No matter where you are in the surrounding boroughs, as long
as you have a good enough view of Manhattan, you
should be able to see the memorial lights of the Twin Towers
this weekend. Bright powerful lights, placed parallel to each other, aiming
their luminance skyward so that anyone passing around the City on the highways
can look and see those lights and remember what happened on Tuesday, September
I was immediately sent back.
I was on my way to work and had just finished looking at the
time (8:44 AM according to my clock), listening to NPR and suddenly one of the
reporters started saying something about a reported accident with one of the
Towers. Something about a plane crashing and then the radio station cut off. I
skimmed around to other stations—there was lots of static from a couple of the
channels I tried. Finally I got on one that was reporting about the accident.
When I got into work no one really knew about it. I told the
few that were there and managed to set my radio up to pick up a signal and get
the report. When the second plane hit the Tower I felt a lump in my throat and
ran out into the hallway telling people: “A second plane! This isn’t an
I think a group of us ran down to the first floor to see
what was going on via television. Fear ran high as we saw what happened
in DC and heard about other planes.I remembered that my friend worked
at the Twin
Towers and another friend of mine worked at the Merrill Lynch building
next door. They made it fine. My buddy who should’ve been at work
parking and wound up missing his train. My other buddy couldn’t sleep
next few months remembering the horror of people leaping to their
As it is, I can still remember this iodine-like smell that hovered over Brooklyn, Queens and even a bit of Nassau county.
And tonight (as yesterday and tomorrow), those lights blaze into the sky making ground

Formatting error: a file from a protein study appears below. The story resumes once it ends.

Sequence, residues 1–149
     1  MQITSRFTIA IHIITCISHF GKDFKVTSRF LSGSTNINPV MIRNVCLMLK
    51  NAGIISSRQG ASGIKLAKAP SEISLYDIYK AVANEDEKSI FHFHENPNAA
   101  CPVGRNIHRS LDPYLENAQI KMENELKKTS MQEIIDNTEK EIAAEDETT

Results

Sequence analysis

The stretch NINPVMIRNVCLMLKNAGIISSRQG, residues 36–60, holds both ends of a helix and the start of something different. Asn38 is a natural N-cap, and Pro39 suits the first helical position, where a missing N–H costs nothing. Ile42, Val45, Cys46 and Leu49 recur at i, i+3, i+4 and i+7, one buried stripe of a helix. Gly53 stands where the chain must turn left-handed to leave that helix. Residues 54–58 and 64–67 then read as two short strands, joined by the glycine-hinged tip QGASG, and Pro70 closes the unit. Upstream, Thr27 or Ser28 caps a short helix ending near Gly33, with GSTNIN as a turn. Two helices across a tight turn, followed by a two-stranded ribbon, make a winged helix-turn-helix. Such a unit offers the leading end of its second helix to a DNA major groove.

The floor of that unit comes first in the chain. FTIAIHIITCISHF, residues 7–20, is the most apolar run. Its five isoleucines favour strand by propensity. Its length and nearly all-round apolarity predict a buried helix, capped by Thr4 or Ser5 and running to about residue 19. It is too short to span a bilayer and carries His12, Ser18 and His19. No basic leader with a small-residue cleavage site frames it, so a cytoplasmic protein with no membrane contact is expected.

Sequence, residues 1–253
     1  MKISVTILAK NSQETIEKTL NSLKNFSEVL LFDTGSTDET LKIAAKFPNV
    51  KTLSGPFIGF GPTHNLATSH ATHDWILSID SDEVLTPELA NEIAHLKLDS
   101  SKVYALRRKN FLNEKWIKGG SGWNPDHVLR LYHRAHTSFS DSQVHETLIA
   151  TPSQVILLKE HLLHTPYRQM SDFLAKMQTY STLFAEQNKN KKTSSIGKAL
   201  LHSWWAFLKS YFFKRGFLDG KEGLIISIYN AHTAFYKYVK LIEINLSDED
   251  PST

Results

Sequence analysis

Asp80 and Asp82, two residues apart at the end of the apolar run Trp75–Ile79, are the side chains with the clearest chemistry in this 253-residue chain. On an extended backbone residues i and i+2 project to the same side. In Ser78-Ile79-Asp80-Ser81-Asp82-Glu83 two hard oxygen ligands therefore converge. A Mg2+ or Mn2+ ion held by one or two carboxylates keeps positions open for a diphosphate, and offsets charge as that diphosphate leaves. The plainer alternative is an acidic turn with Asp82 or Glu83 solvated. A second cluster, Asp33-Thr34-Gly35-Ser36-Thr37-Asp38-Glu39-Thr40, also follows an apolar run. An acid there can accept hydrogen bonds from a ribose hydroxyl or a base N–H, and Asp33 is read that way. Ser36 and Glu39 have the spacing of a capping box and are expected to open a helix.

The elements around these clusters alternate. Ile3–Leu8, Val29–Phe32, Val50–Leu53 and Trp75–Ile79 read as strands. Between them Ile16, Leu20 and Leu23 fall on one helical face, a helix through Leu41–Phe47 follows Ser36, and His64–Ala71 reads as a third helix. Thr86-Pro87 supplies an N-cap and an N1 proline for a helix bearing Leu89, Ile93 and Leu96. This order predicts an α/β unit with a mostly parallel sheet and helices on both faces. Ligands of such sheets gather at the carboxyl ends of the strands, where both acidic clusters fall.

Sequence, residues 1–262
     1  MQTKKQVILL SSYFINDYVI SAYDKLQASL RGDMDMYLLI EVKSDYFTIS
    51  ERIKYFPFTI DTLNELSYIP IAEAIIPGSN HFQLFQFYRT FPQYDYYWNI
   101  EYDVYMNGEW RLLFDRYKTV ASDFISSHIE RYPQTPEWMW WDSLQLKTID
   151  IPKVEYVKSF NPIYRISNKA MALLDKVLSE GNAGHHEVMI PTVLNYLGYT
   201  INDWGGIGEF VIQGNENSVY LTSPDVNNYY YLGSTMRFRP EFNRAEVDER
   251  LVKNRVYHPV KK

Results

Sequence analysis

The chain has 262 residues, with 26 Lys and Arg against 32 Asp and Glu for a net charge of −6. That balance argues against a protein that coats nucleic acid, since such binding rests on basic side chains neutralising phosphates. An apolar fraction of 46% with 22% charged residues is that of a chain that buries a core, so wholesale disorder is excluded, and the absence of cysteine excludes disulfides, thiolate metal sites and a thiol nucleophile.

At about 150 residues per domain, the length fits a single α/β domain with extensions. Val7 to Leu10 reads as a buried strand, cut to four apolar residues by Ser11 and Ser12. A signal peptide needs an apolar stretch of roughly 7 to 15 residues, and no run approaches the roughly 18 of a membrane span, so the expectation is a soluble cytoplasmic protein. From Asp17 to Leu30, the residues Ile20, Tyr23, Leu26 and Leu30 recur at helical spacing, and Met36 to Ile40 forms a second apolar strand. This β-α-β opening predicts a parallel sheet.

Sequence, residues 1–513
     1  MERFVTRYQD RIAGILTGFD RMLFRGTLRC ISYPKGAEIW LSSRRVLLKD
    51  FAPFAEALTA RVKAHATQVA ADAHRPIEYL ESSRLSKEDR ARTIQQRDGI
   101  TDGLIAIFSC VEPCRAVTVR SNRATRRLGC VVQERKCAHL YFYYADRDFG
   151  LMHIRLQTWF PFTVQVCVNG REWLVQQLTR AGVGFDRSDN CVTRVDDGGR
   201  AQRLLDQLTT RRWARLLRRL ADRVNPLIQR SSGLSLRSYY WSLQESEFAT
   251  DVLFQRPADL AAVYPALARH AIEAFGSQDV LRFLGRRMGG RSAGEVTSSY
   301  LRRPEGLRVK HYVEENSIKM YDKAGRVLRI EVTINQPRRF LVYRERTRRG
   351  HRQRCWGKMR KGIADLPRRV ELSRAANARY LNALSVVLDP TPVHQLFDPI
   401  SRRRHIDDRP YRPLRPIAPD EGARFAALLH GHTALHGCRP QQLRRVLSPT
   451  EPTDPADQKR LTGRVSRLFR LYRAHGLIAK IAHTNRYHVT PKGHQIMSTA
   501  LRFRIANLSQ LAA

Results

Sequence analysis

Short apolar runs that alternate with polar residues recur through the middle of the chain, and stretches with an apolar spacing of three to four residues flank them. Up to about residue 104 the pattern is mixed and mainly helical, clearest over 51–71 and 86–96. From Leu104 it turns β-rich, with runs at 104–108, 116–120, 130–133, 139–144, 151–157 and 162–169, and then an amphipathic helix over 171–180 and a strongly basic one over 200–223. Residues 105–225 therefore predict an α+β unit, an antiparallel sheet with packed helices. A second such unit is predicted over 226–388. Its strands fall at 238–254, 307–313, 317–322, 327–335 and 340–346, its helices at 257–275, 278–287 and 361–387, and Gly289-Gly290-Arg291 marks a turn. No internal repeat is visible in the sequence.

zero as brilliant as day. There are visitors around the Towers tonight, many
from all over the world, but there are several there that are doubled over
remembering a loved one, openly weeping, never forgetting. The lights are up
but some of these people might go back there all the time by looking at a
picture of their lost loved one.
I can’t help thinking about our
memorial. The horror of death, painful on so many levels, was inflicted
upon the Son of Man in a most wicked way. He was pinned to the tree and scorned by men and called
out to the Father “My God! My God! Why have You forsaken Me?” This Jesus who
died left us a way to remember Him as He broke the bread and passed the cup
saying “Do this in remembrance of Me.”
Paul would remind us that as often as we drink that cup and take that
bread we proclaim His death until He returns.
Every Sunday we break that bread and drink from that cup and
the horror of His death is proclaimed, a blazing memorial in the imagery of
those simple elements. But we don’t do it as a funeral service but looking
towards His imminent return, performing this action to keep His death and
resurrection vivid in our minds and hearts. This we proclaim: The Lord
died, but now He lives and He will return.
So many died on that day and I can’t even bear to think
about the amount of people who closed their eyes to this world to only
in Hell. God help us to preach the Word and do it with the earnest
that He might return at any moment. Let us proclaim His death in the
taking of the symbols and in our relationships with other people.